Nurse, daughter's assets forfeited

2013-02-22 21:27
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Johannesburg - The North Gauteng High Court in Pretoria has issued an order to seize assets worth millions of rands from a Swaziland nurse and her daughter accused of fraud, the NPA said on Friday.

"The forfeiture order follows a request for legal assistance from the Swaziland government to assist with the criminal investigation and seizure of the tainted assets," the National Prosecutions Authority in Mpumalanga said in a statement.

The order comes after an investigation conducted by forensic firm KPMG on behalf of Swaziland's health and social welfare ministry into fraud, theft, and money laundering allegedly perpetrated by Charlotte Holiswa Mnwana and her daughter Mmabatho Success Mnwana against the Swaziland government.

The court ordered on Wednesday that a Northcliff townhouse worth R1.6m, which Charlotte purchased in cash, and several bank accounts be forfeited and transferred to the Swaziland government.

Charlotte is registered as a nurse at the Board of Healthcare Funders of Southern Africa.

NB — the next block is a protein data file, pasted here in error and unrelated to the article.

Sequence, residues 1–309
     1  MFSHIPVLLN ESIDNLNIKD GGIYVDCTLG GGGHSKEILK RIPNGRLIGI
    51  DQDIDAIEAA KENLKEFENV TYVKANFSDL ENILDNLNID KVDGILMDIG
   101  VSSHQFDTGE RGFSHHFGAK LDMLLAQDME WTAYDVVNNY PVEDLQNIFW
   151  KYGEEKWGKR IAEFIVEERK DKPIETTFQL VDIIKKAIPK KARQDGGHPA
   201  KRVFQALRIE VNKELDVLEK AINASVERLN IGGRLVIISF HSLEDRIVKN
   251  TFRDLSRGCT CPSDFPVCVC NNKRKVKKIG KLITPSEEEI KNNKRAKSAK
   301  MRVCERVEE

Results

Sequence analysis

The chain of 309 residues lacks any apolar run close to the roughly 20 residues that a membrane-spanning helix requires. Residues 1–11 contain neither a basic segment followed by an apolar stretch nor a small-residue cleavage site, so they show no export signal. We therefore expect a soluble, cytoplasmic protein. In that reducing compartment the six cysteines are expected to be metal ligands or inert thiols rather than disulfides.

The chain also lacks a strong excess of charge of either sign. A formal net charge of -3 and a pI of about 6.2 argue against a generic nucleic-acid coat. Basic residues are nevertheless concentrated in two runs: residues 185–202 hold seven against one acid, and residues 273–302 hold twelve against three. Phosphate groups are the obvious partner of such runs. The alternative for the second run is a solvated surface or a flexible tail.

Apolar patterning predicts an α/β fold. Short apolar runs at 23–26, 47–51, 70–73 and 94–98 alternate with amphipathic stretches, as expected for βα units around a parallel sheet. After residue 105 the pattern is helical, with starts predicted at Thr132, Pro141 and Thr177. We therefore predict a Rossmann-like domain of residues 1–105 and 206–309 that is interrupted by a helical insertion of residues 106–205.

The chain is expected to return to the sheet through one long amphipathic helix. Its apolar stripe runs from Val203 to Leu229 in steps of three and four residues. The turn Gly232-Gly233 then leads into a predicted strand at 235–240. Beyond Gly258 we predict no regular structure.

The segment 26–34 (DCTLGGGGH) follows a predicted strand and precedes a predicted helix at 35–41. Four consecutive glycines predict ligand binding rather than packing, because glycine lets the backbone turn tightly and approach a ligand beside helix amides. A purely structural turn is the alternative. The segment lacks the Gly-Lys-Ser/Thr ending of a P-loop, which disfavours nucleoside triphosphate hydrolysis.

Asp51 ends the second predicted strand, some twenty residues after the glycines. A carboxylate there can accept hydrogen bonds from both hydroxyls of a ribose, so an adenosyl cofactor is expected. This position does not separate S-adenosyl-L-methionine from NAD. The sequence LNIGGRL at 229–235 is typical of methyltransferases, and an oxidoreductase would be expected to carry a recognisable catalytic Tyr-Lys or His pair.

Charlotte allegedly submitted false medical claims to the Swaziland government in respect of its two medical referral schemes - the Government Employees Scheme and the Phalala Scheme.

"The Government Employees Scheme's primary objective is to enable Swazi government employees and their dependants to receive medical care in South Africa when such care is not available in Swaziland," said the NPA.

The Phalala Scheme was meant to assist Swazi citizens who would otherwise not have access to specialist medical care to secure such care either within Swaziland or outside the country.

Between January 2008 and 24 September 2010, the Swaziland Treasury made cheque payments amounting to about R4 670 000 to Charlotte as a result of the false claims that she submitted for services allegedly rendered.

All the payments were paid into three ABSA bank accounts - one account belonged to Charlotte while the other two were in her daughters' name.

"The two transferred substantial amounts of money from the three accounts to twelve other ABSA bank investment accounts which were opened by them between July 2008 to February 2012."

The two are also being investigated by the South African police for forgery, theft, and money laundering.

Read more on:    kpmg  |  npa  |  corruption

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